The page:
The dialogue is fresh and realistic. The relationships depicted and their conversations and conflicts are what you might observe if you were given the opportunity to see how friends interacted when they were not performing for public consumption. Discussions included whether audiences would like to see Paris Hilton play Mame and whether Wonder Woman should run for President. Two of the friends text each other possible Drag Queen names (e.g. Mini Van Rental, Lady Foot Locker). Hunter is interested in a guy wearing a red shirt who Jeff says is straight. Hunter's response, "so is spaghetti until it gets hot and wet." There are the usual challenges about working a steady job to pay the rent, and the disappointment when the success of the show doesn't change their lives in the way some had hoped it would. We see their struggles to promote the show using a video blog and performing a few numbers at the Pride Festival and the Actors Fund Black Tie Gala. At one point, in desperation, Hunter says, "Take your shirts off so we can sell some fucking tickets!" The show features no stars, four chairs, and no costume changes, yet it still was, and is, a smashing success. Larry, the Musical Director, accompanies the actors as they sing some extraordinary, memorable musical numbers, including "Untitled Opening Number," "Two Nobodies In New York," "An Original Musical," "Monkeys and Paybills," "Part Of It All," "I'm Playing Me," "What Kind Of Girl Is She," "Die, Vampire, Die!," "Secondary Characters," "A Way Back To Then," and "Nine People's Favorite Thing." There are also occasional homages paid to other musicals such as Rent and Into The Woods.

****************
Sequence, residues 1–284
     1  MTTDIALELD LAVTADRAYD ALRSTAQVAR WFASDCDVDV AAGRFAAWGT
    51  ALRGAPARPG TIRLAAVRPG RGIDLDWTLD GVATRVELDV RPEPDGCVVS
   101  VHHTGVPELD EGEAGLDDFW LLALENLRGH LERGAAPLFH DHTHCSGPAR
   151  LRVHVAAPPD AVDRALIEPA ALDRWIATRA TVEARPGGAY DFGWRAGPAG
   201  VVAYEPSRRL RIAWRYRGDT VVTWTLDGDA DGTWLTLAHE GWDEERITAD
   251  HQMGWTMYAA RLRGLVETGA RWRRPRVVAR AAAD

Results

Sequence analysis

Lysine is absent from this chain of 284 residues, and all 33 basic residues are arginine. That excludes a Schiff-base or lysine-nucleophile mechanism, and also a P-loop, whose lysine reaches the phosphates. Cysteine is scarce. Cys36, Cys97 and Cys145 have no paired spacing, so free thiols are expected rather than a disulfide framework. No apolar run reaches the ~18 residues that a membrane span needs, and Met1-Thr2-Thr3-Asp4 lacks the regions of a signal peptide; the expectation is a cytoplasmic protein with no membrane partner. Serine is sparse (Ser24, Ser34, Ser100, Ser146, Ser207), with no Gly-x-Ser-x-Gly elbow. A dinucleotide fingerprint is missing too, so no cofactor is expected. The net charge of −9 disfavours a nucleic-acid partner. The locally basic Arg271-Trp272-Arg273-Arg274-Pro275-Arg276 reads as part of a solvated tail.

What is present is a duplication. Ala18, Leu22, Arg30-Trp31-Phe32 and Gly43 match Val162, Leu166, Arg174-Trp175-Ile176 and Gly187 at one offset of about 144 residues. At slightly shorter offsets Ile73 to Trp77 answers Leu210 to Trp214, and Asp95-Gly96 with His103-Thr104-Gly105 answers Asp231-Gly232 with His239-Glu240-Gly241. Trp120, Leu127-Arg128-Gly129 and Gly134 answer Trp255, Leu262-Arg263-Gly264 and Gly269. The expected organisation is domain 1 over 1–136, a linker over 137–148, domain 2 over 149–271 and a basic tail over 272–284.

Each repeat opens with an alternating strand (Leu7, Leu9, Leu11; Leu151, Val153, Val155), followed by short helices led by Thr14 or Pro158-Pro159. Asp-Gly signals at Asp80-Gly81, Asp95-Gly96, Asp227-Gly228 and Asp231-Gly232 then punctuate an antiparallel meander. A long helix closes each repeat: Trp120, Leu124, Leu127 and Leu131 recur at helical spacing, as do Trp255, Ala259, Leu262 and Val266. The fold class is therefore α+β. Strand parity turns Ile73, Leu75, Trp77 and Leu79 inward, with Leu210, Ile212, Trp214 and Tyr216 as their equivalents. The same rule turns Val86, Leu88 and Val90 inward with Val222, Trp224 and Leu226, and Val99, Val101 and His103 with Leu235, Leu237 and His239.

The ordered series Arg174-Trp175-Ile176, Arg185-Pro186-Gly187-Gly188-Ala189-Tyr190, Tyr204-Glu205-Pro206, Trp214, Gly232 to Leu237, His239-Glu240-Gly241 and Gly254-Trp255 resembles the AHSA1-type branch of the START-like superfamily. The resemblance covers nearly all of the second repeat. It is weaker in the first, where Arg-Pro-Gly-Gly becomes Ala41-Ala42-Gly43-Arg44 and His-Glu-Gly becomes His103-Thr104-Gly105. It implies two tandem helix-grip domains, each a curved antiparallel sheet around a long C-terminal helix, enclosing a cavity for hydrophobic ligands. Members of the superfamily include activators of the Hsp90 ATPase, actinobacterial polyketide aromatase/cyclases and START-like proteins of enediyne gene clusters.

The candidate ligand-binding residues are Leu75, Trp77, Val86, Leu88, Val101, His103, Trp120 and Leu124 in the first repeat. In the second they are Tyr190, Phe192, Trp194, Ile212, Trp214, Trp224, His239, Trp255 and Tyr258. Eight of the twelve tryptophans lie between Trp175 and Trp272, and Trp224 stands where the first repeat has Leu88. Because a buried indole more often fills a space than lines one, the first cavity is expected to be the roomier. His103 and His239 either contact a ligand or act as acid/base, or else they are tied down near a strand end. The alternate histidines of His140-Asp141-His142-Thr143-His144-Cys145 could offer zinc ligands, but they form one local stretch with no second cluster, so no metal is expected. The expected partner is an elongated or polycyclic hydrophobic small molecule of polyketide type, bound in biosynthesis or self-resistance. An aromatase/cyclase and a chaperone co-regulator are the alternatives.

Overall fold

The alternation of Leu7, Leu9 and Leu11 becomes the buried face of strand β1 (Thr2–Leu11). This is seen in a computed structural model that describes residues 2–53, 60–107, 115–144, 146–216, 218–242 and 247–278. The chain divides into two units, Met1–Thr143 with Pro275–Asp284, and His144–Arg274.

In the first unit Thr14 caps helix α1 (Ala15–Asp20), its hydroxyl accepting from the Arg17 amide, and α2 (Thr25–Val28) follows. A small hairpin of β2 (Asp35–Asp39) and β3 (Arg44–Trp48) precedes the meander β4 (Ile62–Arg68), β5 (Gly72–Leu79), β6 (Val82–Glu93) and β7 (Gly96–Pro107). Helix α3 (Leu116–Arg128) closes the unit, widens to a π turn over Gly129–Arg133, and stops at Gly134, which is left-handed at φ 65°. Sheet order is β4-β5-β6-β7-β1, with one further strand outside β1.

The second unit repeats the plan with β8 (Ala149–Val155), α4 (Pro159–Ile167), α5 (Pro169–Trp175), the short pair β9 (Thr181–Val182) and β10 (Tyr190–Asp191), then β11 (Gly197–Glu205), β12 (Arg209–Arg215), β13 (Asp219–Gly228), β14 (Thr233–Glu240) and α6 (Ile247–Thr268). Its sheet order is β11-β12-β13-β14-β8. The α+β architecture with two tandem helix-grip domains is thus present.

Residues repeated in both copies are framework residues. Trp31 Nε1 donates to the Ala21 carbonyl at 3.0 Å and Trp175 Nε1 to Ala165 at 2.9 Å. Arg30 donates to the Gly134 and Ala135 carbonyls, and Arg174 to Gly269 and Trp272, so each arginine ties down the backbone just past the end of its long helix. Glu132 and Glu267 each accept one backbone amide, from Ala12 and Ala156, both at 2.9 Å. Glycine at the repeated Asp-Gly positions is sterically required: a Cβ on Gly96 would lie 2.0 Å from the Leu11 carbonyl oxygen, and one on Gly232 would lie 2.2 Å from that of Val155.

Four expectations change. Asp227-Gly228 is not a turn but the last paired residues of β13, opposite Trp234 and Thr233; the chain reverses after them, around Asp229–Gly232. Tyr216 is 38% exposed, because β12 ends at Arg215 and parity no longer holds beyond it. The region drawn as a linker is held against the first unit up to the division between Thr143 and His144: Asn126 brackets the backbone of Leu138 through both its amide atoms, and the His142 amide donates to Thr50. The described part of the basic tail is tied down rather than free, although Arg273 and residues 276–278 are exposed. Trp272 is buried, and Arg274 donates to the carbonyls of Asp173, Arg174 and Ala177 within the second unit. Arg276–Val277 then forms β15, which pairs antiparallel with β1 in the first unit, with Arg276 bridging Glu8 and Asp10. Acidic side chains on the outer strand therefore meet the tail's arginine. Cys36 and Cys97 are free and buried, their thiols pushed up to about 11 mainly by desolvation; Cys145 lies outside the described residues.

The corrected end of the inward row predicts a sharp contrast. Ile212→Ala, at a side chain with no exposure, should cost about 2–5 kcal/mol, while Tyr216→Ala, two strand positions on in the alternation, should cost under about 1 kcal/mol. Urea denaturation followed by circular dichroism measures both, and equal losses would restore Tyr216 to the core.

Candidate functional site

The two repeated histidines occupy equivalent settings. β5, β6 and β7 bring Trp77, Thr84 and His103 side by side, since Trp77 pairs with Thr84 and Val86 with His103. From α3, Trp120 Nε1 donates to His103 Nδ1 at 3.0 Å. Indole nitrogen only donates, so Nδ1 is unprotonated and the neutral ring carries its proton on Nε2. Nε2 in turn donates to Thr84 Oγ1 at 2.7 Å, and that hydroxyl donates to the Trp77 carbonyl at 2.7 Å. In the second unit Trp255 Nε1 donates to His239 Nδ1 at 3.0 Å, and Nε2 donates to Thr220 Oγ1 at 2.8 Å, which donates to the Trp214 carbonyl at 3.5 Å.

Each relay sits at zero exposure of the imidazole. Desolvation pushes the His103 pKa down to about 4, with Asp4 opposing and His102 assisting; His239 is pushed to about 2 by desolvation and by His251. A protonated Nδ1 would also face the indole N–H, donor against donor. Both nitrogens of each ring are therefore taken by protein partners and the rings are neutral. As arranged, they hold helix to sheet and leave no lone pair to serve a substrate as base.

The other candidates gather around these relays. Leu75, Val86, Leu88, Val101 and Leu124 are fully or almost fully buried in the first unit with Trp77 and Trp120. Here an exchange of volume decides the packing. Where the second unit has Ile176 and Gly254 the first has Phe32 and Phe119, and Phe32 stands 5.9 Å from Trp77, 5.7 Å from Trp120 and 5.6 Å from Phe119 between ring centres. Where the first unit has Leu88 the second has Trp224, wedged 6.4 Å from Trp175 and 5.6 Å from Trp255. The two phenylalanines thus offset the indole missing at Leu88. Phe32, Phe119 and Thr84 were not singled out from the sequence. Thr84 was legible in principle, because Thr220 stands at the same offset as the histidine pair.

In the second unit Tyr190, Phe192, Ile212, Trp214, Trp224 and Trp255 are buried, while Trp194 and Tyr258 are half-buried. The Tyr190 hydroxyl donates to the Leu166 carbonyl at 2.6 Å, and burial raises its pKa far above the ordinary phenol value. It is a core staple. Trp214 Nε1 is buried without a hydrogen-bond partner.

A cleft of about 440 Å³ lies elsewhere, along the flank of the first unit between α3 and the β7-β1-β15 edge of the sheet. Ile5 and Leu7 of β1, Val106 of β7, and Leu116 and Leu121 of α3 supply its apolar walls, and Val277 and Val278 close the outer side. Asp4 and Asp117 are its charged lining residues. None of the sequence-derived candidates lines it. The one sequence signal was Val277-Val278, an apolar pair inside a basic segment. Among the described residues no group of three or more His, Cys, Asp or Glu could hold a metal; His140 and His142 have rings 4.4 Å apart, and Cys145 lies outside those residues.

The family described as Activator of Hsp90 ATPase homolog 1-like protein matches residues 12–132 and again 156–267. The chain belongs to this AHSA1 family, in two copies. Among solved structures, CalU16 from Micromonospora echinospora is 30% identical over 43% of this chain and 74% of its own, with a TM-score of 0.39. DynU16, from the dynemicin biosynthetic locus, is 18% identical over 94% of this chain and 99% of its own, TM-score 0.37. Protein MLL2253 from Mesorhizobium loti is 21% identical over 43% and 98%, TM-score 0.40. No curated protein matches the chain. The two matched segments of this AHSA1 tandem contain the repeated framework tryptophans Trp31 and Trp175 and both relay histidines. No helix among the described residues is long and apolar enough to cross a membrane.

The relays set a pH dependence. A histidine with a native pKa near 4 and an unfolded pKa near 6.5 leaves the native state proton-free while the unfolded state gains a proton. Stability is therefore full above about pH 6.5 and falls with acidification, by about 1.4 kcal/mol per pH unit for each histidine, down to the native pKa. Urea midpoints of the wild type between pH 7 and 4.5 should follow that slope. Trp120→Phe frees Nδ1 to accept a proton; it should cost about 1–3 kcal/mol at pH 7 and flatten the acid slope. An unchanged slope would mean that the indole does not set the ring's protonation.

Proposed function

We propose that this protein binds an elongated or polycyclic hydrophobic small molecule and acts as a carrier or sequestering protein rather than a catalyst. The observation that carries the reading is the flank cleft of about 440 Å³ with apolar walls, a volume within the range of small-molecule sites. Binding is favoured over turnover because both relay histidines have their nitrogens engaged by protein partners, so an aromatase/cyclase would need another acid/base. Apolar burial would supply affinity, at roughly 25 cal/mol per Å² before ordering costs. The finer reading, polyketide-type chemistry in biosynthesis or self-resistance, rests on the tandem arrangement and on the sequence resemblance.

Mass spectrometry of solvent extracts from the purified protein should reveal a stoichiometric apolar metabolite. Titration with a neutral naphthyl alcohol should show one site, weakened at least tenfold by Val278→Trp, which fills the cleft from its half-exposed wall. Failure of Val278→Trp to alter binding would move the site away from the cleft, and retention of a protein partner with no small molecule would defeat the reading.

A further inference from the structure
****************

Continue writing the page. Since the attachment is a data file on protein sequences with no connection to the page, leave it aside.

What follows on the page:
The only minor negatives are that some of the references, such as to the actress Mary Stout being injured by a runaway hot dog cart careening down West 46th Street, are quite dated and will be missed by most audience members. An explanation of the references provided in the program would have been helpful. In addition, the continuity of scenes in the second half of the musical reflected by the "fast-forward" Montages Parts 1-3 were out of sync with the slower real life timing of the rest of the show. However, these minor criticisms have more to do with the play itself than this production, which is the very best it could have been. We learn about vampires (such as The Vampire of Despair) that can come between you and your creative self. We also learn there may be a glow in the dark poster of Aspects Of Love existent somewhere in the world. On the other hand, we never learn whether Jeff ever got a Photo Shoot in a "Homo Magazine." They say "a Drag Queen (who needs her protein just like everyone else) is fabulous at night - but in the daytime - not so much." I can assure you this production of [title of show] is fabulous no matter what time of day you see it.
I give this show my highest recommendation and urge you to catch it during its current run at The Secret Theatre, where it plays through April 14, 2018. Tickets are $18.00 if purchased in advance and $20.00 at the door. For reservations and more information, you can call 718-392-0722 or visit www.secrettheatre.com.